It's refreshing, therefore, that the movie does not acknowledge the existence of any previous canon, instead focusing on developing the characters and establishing the franchise anew. Bison, rather than being a military terrorist, is a high-powered businessman operating through the seedier channels of extortion and violence. Balrog is his personal bodyguard, rather than a boxer. Vega is Bison's assassin, rather than a cage fighter (although his development is quite minimal, leading me to believe that there will be more to come from him in later instalments). This modernisation is a completely sensible move on the filmmakers' part, and is to be applauded.

The acting, also, is not too shabby, although a little cheesy and over the top in places. Kristen Kreuk, famous for her performance in Smallville takes the role of Chun-Li, and does a very capable job of playing the heroine of the movie. Neal McDonaugh, similarly, plays Bison to a satisfactory standard, even if his accent is a little muddled (but then Bison being an Irish immigrant brought up in Bangkok can probably excuse somewhat for being a little unsure of his roots). Michael Clarke Duncan's Balrog character is probably one of the weaker roles in the film, but this is purely a script issue as Duncan's performance is absolutely fine (and he does a very convincing job of looking absolutely imposing). Vega, played by Taboo, doesn't really have enough screen time to develop properly, but isn't terrible in what he does. Even Chris Klein, of American Pie fame, isn't completely out of place as Nash, the Interpol agent, even if his dialogue gets a little corny sometimes.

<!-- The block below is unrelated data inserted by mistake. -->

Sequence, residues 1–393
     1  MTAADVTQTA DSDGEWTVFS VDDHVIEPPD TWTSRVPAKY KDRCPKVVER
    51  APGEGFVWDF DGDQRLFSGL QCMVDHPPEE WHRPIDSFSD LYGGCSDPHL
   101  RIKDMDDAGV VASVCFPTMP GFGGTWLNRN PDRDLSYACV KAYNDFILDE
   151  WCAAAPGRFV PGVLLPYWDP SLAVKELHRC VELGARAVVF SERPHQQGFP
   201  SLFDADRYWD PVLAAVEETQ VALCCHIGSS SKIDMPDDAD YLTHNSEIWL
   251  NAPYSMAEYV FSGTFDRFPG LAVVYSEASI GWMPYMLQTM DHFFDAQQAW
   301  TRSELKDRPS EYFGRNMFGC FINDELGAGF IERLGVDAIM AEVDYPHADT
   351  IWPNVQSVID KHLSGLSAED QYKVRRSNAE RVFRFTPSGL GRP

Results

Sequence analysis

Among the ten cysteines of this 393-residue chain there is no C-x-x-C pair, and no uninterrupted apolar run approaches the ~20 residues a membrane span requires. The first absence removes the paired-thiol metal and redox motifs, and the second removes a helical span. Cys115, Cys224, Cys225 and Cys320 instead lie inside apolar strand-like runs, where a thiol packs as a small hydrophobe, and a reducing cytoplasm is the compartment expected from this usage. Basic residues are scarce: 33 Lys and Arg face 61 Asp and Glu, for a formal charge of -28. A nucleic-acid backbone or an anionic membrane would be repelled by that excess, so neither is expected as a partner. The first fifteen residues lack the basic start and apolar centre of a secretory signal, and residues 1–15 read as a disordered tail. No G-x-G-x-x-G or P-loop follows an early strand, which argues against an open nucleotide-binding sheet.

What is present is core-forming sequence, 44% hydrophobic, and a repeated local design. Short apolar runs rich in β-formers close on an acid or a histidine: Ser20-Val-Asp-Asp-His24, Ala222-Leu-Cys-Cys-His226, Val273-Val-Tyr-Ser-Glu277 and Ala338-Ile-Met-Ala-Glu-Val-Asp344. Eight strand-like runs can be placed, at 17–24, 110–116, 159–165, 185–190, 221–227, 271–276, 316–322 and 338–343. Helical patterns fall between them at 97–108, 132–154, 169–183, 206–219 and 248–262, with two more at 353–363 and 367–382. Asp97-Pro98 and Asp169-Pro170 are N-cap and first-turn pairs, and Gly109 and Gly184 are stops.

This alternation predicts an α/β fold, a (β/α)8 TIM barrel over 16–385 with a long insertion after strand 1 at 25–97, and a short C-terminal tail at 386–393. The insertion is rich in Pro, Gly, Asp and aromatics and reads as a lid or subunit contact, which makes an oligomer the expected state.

Speaking of corny, cheesy and over the top, let's talk about the fighting. This movie has gone with the over the top philosophy when it comes to depicting fights and violence, and as a result you'll see plenty of impossible kicks and jumps from various characters over the course of the film. However, cheesier and more fantastical still is the martial arts training Chun-Li receives. Without meaning to spoil anything, it's clear that even though fireballs are unlikely to be summoned from people's hands, they obviously thought the idea was cool enough to include something vaguely similar.

Ultimately, the main problem this film has is that is simply "alright". All the time I was watching I found myself saying to myself "this isn't too bad" but it never got further than that. It's pretty much what you can expect from the movie by looking at it. As a video game adaptation it's mixed in its fidelity to the source material, but on the plus side the references are sufficiently minimal to allow for fans to get the gags. The ending, however, is questionable. Again, without meaning to give too much away, they seem to have closed a few too many doors for the film to allow development over subsequent instalments.

The Emotionally Fourteen Rating :
Violence : Plenty of martial arts, of the over-the-top variety associated with Eastern martial arts cinema. A few gunfights, mostly between the agents of Interpol and the armed militia of Bison.
Sex/Nudity : None whatsoever.
Swearing : A couple of uses of "shit" and "ass".
Summary: One of the better video game tie-in movies, Street Fighter: The Legend of Chun-Li succeeds in setting up a future instalment of this introductory series for the characters. However, despite not being a bad film, it just doesn't have anything that pushes it that little bit further into true great territory. A shame, really, as the film shows plenty of promise. 5/10

David Howard
Monster Films
Available Now - £12.99 (DVD)
Review by Rob Wade